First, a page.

^What's puzzling to me is that I think of the 14 Jeffery Express as being a bus that people catch near their homes and ride all the way downtown. So the logic of having widely spaced stops for this line escapes me. This is not a line that connects crosstown destinations or rail lines, nor one that people ride for errands a couple of miles away. The time saved by fewer stops will be lost in having to walk further to and from a stop, and most people along the line already know what time they have to catch the bus to be at work on time.

I have to wonder if this is a case like when CDOT decided to put segregated bike lanes on Stony Island south of 67th(!) Why? Well, because the pavement width already existed and no businesses would complain about lack of street parking.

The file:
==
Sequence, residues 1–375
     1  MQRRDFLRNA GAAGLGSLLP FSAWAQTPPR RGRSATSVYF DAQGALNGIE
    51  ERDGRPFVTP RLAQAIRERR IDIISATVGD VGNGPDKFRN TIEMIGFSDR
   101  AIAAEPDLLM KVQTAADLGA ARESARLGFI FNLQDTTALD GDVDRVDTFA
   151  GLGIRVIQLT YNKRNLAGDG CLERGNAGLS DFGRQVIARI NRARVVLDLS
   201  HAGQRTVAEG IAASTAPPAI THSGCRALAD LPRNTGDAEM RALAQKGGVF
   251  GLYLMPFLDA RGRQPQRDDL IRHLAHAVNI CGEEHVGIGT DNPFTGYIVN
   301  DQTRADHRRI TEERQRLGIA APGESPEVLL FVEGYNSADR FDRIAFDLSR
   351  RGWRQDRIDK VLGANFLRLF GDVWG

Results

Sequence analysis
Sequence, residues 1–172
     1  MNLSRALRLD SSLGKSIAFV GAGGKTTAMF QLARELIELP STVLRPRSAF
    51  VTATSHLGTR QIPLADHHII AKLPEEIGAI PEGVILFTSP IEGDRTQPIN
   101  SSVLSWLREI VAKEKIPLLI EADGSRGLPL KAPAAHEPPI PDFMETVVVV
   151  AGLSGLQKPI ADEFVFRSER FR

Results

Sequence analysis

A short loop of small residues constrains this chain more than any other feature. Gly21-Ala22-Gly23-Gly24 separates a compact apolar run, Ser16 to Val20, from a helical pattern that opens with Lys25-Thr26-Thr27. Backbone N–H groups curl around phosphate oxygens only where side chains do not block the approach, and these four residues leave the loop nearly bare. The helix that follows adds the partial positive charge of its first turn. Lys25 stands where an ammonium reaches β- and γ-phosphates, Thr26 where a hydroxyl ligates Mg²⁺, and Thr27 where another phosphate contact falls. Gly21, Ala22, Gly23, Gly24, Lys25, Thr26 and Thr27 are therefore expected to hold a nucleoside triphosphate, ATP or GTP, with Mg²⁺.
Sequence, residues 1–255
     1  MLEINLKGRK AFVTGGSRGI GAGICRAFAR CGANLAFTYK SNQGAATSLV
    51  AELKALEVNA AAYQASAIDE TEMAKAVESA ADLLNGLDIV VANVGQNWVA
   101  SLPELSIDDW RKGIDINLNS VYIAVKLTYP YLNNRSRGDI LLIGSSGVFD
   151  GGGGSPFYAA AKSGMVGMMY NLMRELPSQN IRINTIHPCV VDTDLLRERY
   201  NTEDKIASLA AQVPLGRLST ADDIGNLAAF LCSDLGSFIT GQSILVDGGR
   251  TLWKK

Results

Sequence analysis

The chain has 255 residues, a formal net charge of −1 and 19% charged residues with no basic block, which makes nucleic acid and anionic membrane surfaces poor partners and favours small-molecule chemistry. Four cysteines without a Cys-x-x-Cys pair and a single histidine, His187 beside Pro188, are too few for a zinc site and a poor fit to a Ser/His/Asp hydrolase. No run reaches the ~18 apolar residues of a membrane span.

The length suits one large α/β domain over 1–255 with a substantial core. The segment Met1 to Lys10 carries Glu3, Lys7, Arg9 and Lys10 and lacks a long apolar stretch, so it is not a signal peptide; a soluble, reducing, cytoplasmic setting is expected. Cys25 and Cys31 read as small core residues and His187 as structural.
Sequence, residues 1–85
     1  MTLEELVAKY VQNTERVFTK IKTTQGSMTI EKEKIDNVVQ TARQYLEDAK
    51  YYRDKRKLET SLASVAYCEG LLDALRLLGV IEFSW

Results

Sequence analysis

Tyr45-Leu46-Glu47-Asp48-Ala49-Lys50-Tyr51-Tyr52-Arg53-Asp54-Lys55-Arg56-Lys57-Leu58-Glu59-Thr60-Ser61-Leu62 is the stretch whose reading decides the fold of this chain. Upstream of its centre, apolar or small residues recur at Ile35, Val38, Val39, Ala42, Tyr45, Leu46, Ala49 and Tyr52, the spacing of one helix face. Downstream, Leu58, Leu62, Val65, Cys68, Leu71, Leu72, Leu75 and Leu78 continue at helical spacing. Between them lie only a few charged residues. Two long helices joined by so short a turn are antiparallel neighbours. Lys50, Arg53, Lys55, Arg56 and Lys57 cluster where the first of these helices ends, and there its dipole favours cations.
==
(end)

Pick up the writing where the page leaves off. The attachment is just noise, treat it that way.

Remember - This is the Organization that persuaded the City Council to approve how much funding for our thriving Block 37 SuperStation?

Logic isn't always a part of their goals (think of all those needy "connected" consultants, and construction companies who must be fed regularly).

Mr Downtown Jun 12, 2011 6:16 PM

Quote:

Originally Posted by orulz (Post 5309325)
Is there a particular reason why there is no station [at Clinton] on the blue line?

In the 1930s, when the line was planned, there was little justification for a stop there. But the bigger problem is that the subway line is on an incline, to go under the river.

Quote:

Originally Posted by ardecila
I suppose if the Clinton subway was designed properly, it could be linked into the Blue Line using the Lake Street tunnel stubs.

Those stubs are at Canal, and head west from Milwaukee & Canal (only 75 feet or so). I'm not sure how they would help with a Blue Line connection without requiring underpinning one corner of North Western Station's trainshed.

denizen467 Jun 13, 2011 3:33 AM

http://www.suntimes.com/5896583-417/...-a-leg-up.html

Diagonal crossings, fewer right on reds could give pedestrians a leg up
By Fran Spielman
June 12, 2011 8:42PM